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Abstract: PO2226

Psychosis as a Neurotoxic Manifestation of Extended-Release Tacrolimus

Session Information

Category: Transplantation

  • 1902 Transplantation: Clinical


  • Lyons, Shannon, Parkview Medical Center, Pueblo, Colorado, United States
  • Harberts, Scott W., Parkview Medical Center, Pueblo, Colorado, United States
  • Wiseman, Alexander C., University of Colorado, Denver, Colorado, United States
  • Sicher, Stanley Carlos, Parkview Medical Center, Pueblo, Colorado, United States

Tacrolimus is a calcineurin inhibitor used in renal transplant to reduce the risk of rejection. Common side effects include infection, nephrotoxicity, and neurotoxicity (7). The neurotoxic effects can manifest as psychosis, paranoia, and bi-polar mania (4, 2). The unpredictable nature of tacrolimus pharmacokinetics has led to the development of extended-release tacrolimus such as Envarsus XR (8, 9, 12). While data is lacking, Envarsus XR is thought to have a lower incidence of neurotoxic side-effects (10, 1, 11). To our knowledge, there are no recorded cases in the literature of psychosis related to Envarsus XR (3,6). We present a case of acute paranoia secondary to Envarsus XR.

Case Description

Ms. H is a 62 year old woman who underwent allogenic renal transplant and was placed on immediate-release tacrolimus 0.5 mg twice daily. Due to high tacrolimus levels (average 9.6 ng/dl) she was switched to Envarsus XR 0.75 mg daily and subsequently reported new onset emotional disturbance. She was initially treated with fluoxetine then switched to citalopram without relief. She then developed paranoid ideation and refused to sleep. The patient and family felt this behavior correlated with starting Envarsus XR. This was discussed with her transplant team and Envarsus XR was continued as her tacrolimus levels were within goal (average 5.3 ng/dl). Her paranoia worsened and she was seen by psychiatry and placed on risperidone 2 mg daily. She continued to experience paranoid delusions and behavioral disturbance. She was then switched from Envarsus XR back to immediate-release tacrolimus and had complete resolution of symptoms. Her current average tacrolimus level is 5.05 ng/dl.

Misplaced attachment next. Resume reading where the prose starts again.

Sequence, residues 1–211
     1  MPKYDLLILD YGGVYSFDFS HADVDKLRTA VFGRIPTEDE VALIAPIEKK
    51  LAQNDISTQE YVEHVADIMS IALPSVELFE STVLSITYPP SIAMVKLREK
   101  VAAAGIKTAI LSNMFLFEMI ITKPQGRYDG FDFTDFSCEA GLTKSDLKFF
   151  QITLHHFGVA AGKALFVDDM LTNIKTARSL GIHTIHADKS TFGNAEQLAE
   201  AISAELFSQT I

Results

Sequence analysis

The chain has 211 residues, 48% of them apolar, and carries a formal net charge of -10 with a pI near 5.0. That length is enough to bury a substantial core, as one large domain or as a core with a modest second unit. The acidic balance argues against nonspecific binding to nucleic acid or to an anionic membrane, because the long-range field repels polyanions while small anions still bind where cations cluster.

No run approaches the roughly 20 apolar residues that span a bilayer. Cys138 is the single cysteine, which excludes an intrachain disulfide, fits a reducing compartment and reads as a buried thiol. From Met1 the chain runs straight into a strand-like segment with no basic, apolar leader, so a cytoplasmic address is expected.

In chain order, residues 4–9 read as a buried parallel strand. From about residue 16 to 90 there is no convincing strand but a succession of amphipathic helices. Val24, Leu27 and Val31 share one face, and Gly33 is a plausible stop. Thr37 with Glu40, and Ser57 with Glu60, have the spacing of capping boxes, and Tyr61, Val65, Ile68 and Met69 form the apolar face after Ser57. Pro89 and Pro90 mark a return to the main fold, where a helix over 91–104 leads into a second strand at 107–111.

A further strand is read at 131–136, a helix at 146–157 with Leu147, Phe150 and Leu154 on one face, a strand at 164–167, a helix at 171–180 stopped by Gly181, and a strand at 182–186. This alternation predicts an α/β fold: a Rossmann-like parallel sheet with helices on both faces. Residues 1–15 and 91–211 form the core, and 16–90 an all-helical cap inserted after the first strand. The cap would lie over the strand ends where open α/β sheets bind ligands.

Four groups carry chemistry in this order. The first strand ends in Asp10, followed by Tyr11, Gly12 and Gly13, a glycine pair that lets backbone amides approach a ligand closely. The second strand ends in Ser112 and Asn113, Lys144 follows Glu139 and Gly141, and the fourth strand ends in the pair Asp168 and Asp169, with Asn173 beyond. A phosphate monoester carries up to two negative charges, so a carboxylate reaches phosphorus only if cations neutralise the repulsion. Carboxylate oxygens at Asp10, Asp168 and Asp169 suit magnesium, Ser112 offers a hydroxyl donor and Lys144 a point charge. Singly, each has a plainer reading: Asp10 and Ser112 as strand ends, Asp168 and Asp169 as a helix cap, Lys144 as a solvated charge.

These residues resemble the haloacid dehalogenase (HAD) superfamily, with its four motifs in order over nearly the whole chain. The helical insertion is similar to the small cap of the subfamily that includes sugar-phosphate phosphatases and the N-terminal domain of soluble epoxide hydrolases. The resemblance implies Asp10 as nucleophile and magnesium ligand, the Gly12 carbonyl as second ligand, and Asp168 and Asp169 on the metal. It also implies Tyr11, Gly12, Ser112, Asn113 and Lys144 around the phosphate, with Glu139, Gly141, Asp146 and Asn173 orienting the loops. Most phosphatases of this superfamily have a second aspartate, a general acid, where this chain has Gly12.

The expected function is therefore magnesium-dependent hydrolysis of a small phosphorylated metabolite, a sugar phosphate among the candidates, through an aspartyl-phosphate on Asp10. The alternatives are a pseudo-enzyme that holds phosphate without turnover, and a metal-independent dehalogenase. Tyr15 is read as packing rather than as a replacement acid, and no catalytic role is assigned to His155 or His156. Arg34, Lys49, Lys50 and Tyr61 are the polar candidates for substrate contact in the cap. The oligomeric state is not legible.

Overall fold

This case presents a unique instance of extended-release tacrolimus induced psychosis. While immediate-release tacrolimus is well known to cause neurotoxicity (5, 13), extended release is generally felt to be safer (12, 9). This case illustrates that while extended-release Tacrolimus formulations may have a reduced incidence of neurological side effects, they are not devoid of them. The SIMPLE trial is currently ongoing and its data may shed more light on tacrolimus induced neurotoxicity (10). Regardless of the outcome of this research, the treatment for tacrolimus induced neurotoxicity should always be to decrease the dose or withdraw the medication (14).